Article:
Nashville Health Tech Leaders Discuss Data Analyzation at Local Event

March 16, 2018
During a recent panel discussion on the future of healthcare, Jonathan Perlin, M.D., chief medical officer at Nashville-based HCA Healthcare, emphasized that learning from and analyzing medical data will be critical to improving patient outcomes.

During a recent panel discussion on the future of healthcare, Jonathan Perlin, M.D., chief medical officer at Nashville-based HCA Healthcare, emphasized that learning from and analyzing medical data will be critical to improving patient outcomes.

The discussion two weeks ago was part of the event, Nashville Business Journal’s Health Care of the Future: Data Science” breakfast at the Hutton Hotel in Nashville, as reported by the Nashville Business Journal last week. Perlin was joined on stage by a panel of Nashville healthcare and tech leaders, as they discussed how healthcare data is being analyzed.

As the report stated, Perlin said during the session, “The question is not whether hospital systems are creating data, it is whether they are learning from it. One area where HCA has used data to improve care is in preventing infections.”

HCA’s chief medical officer noted that one in every 20 patients who come into the hospital will leave with an infection that they didn’t have upon entering. This results in 80,000 deaths per year, he said. As such, HCA leaders believed they needed to capture the data from three competing treatments as 75,000 patients at 43 hospitals entered intensive care units.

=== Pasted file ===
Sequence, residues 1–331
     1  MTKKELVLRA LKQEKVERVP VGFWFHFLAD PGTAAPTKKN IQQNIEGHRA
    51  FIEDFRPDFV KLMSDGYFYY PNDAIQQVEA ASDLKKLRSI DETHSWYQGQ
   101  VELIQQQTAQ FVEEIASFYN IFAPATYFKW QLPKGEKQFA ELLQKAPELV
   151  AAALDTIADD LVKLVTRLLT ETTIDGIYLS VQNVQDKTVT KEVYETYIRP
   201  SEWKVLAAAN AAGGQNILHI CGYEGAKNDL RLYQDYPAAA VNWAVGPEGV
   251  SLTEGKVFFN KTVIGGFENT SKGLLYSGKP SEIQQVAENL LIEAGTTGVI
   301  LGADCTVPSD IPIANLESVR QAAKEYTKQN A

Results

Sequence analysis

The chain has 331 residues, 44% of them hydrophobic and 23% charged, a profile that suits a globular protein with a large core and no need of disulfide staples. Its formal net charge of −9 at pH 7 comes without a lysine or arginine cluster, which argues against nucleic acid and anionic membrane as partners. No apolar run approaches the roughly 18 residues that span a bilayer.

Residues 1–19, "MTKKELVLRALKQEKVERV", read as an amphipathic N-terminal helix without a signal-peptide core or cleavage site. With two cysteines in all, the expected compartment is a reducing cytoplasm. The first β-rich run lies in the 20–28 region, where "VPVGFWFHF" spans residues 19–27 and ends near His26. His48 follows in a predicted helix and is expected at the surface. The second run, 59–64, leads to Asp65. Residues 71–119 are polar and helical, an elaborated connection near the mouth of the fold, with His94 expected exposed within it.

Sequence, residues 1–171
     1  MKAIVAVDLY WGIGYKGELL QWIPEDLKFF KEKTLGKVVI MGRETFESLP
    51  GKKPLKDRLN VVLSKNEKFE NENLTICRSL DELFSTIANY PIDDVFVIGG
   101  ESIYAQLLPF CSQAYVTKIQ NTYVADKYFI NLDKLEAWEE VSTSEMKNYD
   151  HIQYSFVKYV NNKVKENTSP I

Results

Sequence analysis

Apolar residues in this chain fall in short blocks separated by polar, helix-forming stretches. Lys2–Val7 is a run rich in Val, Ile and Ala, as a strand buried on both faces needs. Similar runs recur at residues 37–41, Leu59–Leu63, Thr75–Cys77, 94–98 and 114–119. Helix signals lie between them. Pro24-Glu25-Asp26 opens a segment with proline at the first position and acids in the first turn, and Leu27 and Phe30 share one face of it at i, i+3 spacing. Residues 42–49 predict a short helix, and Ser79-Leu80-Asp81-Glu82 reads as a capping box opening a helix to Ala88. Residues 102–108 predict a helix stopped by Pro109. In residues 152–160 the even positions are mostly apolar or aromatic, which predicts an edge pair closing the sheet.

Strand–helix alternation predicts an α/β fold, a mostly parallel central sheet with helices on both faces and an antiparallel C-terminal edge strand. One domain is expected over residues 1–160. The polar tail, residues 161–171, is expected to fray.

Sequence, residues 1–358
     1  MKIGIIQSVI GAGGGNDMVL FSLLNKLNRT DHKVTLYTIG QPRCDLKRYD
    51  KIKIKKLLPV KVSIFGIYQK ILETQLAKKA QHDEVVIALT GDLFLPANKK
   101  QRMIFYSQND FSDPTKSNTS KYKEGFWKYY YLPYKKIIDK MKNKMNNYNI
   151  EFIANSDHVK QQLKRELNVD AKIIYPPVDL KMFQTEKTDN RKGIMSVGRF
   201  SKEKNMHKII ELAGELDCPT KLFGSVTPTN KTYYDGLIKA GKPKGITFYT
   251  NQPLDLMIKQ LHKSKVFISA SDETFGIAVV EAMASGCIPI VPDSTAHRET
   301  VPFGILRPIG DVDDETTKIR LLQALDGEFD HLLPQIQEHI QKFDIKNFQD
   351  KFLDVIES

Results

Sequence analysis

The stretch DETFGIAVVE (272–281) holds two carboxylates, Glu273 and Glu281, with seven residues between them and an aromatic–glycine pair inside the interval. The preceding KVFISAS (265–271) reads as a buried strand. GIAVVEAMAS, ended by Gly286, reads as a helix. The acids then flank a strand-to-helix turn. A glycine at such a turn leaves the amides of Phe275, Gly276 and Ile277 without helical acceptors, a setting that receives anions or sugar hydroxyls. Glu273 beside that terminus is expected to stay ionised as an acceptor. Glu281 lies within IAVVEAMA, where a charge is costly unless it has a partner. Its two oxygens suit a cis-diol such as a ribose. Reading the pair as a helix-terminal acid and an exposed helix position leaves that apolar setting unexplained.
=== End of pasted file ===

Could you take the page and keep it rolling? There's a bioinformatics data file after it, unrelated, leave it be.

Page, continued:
As explained in the report, the first approach was to screen patients for MRSA infections and, if they tested positive, they would be treated in isolation. The second was to isolate MRSA-positive patients and give them an anti-septic sponge bath and nose antibiotic. And the final treatment was to skip the screenings and give all patients an anti-septic sponge bath and nose antibiotic.

The study found that the third treatment reduced MRSA by 37 percent and cut life-threatening blood stream infections by 44 percent, Perlin said. He added that it was the first large-scale implementation of computerized data to answer a healthcare problem.

It was just one example of how healthcare data is being analyzed on a global scale, Perlin said.

Read the entire story in the Nashville Business Journal here.

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